Charlotte Perkins Gilman’s “the Yellow Wallpaper” Feminist Literature

Topics: Charlotte Perkins Gilman, The Yellow Wallpaper, Silas Weir Mitchell Pages: 3 (842 words) Published: August 25, 2013
English 3 AP
Charlotte Perkins Gilman’s “The Yellow Wallpaper”
Feminist Literature
Literary Understanding:
Section 1:
* That their house is this grand and elegant mansion far from the hustle and bustle of the village. Outside the house the estate is covered with a wonderful garden that is filled with “box-bordered paths, and lined with long grape-covered arbors with seats under them.”The room they abide in seems to be spacious, open, and somewhat ugly due to the yellow wallpaper. * The narrator’s husband John is a physician; being that he is a doctor he doesn’t believe that his wife is sick and will not treat her “illness” professionally. * He seems to be the one that always knows what best for people, especially his wife. When asked to change rooms she is denied because he believes that she needs a room with more air to help her get better. “He is very careful and loving, and hardly lets me stir without special direction.” * The nursery proved to have different purposes in that is could’ve been a playroom and a gymnasium for children. Because it was a children’s room is was torn up with barred windows to keep the children safe, but for the narrator the bars could feel more like a prison. * The wallpaper is described with such hatred, and so all that we know about the wallpaper is that it is this putrid fading yellow that has this irritating pattern that “when you follow the lame uncertain curves for a little distance they suddenly commit suicide…” Section 2:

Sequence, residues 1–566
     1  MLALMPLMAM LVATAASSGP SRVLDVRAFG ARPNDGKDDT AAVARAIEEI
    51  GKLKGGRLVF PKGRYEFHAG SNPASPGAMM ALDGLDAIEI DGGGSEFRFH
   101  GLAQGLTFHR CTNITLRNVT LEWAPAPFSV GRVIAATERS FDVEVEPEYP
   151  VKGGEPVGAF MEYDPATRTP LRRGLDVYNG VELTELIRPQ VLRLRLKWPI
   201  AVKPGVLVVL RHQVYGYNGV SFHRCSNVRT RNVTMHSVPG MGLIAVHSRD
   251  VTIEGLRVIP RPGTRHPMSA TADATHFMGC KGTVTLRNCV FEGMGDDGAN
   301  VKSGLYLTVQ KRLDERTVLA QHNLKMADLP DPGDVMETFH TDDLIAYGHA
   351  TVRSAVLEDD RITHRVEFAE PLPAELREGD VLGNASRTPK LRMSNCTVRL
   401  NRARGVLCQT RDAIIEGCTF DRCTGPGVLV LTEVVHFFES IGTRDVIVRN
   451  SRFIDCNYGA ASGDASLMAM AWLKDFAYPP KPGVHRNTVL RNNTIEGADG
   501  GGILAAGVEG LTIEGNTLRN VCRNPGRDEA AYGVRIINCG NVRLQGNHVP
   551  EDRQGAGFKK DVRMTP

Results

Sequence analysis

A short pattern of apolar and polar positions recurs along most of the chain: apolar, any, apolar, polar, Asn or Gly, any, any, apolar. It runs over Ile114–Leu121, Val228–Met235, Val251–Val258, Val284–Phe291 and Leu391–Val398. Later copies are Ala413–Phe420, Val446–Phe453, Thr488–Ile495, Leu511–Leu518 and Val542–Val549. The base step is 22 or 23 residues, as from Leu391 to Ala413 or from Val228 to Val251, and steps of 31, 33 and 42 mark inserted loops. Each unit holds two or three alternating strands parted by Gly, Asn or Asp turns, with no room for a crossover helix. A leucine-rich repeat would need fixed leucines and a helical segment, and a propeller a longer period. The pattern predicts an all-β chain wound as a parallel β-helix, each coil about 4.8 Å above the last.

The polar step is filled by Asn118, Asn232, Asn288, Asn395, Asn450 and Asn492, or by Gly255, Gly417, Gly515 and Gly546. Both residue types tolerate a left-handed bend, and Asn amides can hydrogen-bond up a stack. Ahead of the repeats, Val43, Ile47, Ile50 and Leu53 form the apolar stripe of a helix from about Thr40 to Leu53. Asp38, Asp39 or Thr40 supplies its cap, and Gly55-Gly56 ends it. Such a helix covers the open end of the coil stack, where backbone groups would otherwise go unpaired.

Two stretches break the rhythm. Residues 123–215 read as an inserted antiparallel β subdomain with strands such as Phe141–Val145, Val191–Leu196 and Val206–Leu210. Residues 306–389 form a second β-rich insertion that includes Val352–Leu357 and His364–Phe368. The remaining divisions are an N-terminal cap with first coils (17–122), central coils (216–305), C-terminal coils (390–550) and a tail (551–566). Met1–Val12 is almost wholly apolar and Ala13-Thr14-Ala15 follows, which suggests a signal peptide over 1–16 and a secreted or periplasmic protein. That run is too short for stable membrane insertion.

* The narrator completely loathes the wallpaper and seems to think of such detailed images when looking at the odd patterns in the torn parts of the wallpaper. She gets so “positively angry with the impertinence of it and the everlastingness” of the wallpaper that she wants John to change it or move to a different room. * The first is Mary, who is in charge of taking care of John’s and the narrator’s baby while she is away seeking treatment for her illness. Then there is John’s...
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